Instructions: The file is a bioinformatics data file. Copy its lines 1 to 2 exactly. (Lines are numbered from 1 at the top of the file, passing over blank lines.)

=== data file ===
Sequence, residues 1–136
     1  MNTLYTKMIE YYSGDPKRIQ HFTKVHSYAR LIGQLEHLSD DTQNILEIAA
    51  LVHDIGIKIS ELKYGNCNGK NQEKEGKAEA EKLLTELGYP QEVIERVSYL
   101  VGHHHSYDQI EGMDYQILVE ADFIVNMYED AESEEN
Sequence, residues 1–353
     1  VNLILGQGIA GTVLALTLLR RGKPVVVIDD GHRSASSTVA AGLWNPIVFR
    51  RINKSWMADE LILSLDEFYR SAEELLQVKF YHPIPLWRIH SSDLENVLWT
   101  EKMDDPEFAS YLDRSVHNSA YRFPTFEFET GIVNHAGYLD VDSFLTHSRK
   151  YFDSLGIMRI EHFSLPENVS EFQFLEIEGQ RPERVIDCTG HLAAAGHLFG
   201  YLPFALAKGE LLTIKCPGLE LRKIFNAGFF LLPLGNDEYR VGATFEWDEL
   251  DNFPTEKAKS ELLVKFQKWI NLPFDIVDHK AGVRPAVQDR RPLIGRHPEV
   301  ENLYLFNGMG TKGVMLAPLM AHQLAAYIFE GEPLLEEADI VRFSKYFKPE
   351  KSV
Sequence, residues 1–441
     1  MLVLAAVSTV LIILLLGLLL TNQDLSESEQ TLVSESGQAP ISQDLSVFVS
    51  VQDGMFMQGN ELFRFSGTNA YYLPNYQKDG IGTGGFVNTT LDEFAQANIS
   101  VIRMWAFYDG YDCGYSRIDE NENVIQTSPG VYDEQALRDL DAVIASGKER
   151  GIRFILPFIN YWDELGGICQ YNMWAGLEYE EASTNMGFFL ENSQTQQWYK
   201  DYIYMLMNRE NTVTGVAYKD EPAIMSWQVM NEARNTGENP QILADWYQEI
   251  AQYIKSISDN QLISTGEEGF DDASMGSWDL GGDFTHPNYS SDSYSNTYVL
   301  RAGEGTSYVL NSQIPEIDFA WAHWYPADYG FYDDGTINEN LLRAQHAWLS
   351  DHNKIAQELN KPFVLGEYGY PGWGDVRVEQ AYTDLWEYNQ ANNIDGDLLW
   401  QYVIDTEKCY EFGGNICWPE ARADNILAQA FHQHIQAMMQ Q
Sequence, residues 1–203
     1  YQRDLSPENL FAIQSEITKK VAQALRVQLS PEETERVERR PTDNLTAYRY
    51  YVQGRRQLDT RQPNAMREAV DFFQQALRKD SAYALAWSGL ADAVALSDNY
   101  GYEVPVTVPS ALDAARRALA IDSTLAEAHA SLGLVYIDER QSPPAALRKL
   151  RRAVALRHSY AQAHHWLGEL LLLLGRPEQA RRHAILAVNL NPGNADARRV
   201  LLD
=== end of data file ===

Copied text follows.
Sequence, residues 1–136
     1  MNTLYTKMIE YYSGDPKRIQ HFTKVHSYAR LIGQLEHLSD DTQNILEIAA